If things get complicated, bring in the Dutch!

Continuous experimentation, trial and error, a hands-on attitude and critical thinking were some of the elements that instigated us to visit the Eindhoven Maker Faire during the first weekend of September. Although the event was open to all ages and targeted to people passionate about building and designing things, it was clear that the new generations were the protagonists of a ‘maker culture’ that is constantly being nurtured and improved in the low lands.

Important themes such as circular economy and sustainability were shaping young mindsets and empowering participants to collaboratively build a fairer society. We saw toys powered by renewable energy, a waste-based structure used to build floating houses, all sorts of robotics, electronic kits as well as many traditional craft experiments, offering a good balance between digital and non-digital. There were also recycling workshops, art apps, music, science, industrial design and other exciting projects inviting to create the “internet of your things” (www.mysensors.org) and the skills of the future (skillsdojo.nl).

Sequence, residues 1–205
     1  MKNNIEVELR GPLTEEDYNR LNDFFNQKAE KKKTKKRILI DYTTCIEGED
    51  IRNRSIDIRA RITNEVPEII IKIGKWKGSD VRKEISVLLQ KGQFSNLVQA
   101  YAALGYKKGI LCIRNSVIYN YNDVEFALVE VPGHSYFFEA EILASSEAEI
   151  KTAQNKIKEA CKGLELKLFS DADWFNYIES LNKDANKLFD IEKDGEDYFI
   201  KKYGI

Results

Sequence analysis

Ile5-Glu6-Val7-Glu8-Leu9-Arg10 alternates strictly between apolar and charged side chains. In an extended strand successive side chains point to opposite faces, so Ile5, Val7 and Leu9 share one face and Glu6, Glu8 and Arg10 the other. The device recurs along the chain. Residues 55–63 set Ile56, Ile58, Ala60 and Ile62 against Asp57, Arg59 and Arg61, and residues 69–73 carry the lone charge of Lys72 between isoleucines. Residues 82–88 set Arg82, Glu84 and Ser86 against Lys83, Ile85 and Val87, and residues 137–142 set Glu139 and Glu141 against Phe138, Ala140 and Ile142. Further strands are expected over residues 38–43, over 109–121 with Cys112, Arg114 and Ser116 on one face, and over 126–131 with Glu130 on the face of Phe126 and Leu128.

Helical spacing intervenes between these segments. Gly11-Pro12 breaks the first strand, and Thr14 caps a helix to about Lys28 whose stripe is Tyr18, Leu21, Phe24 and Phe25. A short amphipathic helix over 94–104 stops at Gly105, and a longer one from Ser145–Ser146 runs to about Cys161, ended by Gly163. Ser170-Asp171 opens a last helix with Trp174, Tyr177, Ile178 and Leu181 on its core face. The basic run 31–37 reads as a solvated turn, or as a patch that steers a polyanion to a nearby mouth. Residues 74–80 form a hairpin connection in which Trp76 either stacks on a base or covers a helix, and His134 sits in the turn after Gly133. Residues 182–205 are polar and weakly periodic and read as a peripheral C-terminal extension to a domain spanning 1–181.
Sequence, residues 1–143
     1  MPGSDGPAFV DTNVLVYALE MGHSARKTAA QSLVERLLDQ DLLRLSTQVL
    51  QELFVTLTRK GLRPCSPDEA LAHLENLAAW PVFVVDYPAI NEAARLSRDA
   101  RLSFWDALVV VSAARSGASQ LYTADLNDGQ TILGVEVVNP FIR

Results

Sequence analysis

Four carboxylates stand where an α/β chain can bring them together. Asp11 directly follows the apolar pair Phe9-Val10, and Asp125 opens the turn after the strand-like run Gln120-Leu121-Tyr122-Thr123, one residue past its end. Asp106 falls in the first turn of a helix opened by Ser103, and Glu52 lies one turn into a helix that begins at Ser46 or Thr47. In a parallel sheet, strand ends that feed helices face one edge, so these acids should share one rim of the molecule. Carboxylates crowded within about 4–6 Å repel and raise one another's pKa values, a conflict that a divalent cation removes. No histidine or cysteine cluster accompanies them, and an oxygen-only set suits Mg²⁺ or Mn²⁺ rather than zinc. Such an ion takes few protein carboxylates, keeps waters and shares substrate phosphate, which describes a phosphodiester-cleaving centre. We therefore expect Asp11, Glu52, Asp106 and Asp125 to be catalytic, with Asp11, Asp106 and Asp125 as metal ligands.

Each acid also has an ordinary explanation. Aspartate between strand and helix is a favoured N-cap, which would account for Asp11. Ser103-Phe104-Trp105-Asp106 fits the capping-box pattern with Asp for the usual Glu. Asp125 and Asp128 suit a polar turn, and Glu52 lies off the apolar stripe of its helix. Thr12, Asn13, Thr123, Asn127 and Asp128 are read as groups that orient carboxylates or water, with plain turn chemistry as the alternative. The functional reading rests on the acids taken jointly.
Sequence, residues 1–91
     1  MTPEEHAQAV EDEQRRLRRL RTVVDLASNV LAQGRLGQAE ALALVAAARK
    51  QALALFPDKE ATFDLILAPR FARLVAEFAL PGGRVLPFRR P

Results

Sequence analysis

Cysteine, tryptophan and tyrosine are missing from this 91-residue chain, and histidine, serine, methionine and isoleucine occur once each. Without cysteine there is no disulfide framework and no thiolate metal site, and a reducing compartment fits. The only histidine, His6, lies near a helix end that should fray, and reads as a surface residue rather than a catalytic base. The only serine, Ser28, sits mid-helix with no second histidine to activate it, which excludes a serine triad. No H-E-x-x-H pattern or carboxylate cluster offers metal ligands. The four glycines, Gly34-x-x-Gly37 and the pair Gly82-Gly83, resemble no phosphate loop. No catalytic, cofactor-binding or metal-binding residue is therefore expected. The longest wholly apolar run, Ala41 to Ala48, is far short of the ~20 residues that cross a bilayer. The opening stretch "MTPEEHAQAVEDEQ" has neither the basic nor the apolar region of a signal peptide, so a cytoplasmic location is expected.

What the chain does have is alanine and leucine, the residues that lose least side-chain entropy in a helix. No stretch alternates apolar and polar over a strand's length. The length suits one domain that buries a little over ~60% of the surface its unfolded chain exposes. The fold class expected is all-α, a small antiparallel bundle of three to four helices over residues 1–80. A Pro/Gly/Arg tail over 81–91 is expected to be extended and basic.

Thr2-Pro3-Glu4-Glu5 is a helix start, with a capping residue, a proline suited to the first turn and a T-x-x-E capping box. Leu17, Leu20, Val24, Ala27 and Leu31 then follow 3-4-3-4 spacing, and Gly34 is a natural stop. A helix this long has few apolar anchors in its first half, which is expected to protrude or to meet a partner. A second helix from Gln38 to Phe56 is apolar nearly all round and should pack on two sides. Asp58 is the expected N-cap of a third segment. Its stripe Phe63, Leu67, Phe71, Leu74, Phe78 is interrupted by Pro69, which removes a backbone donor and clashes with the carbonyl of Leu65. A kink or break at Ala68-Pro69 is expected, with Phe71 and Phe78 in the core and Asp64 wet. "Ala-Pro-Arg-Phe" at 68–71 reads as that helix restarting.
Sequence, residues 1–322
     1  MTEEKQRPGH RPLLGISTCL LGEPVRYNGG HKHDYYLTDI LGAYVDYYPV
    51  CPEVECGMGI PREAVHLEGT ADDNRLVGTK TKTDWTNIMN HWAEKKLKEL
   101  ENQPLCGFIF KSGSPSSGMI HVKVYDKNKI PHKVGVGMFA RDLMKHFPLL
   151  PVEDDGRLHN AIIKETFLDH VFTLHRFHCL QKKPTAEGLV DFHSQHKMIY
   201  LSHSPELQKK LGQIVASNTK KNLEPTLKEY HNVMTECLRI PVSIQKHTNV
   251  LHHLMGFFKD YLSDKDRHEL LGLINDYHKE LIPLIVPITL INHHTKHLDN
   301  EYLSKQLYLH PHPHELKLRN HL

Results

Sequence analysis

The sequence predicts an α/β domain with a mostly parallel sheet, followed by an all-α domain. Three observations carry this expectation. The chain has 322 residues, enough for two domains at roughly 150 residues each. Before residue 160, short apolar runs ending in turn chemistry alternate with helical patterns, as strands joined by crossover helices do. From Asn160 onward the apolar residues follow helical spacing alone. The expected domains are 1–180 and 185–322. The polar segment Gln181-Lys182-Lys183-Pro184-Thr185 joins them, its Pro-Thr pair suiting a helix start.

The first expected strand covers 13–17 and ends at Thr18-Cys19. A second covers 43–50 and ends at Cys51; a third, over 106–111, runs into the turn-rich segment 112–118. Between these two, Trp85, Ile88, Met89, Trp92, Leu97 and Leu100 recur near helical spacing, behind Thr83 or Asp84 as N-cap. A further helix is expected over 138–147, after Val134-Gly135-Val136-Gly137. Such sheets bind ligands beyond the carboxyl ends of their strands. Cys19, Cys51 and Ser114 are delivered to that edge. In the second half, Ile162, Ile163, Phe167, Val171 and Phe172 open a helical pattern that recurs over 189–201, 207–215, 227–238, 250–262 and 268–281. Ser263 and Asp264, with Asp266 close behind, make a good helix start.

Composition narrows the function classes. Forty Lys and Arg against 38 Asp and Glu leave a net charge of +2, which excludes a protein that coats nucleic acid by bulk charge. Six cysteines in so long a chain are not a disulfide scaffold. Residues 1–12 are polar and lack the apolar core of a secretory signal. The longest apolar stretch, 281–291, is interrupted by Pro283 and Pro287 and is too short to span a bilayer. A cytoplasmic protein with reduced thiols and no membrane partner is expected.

A 3D sewing technique integrated in garments acting as a shield was a very special design project focusing on empowering vulnerable women in intimidating situations. The idea is being developed in collaboration with MLY Stella Verdult and Sage & Ivy, all fashion brands based in Eindhoven.

We also experienced the creations of Team Rembrandts – a robotics group located in Eindhoven with students from Fontys University of Applied Science, Zwijsen College and Heerbeeck College. They were one the many exhibitors engaging the audience, and the title of this article is currently their slogan: “If things get complicated, bring in the Dutch!”

Exactly a hundred years ago, artists such as Piet Mondrian, Gerrit Rietveld, and others who created and joined the De Stijl art movement catalyzed the Dutch design culture. Nowadays other initiatives such as public and private investments in the creative industries and events like the Eindhoven Maker Faire do contribute to make the Netherlands an unequivocal place where impact and progress go hand-in-hand to frame a positive future.

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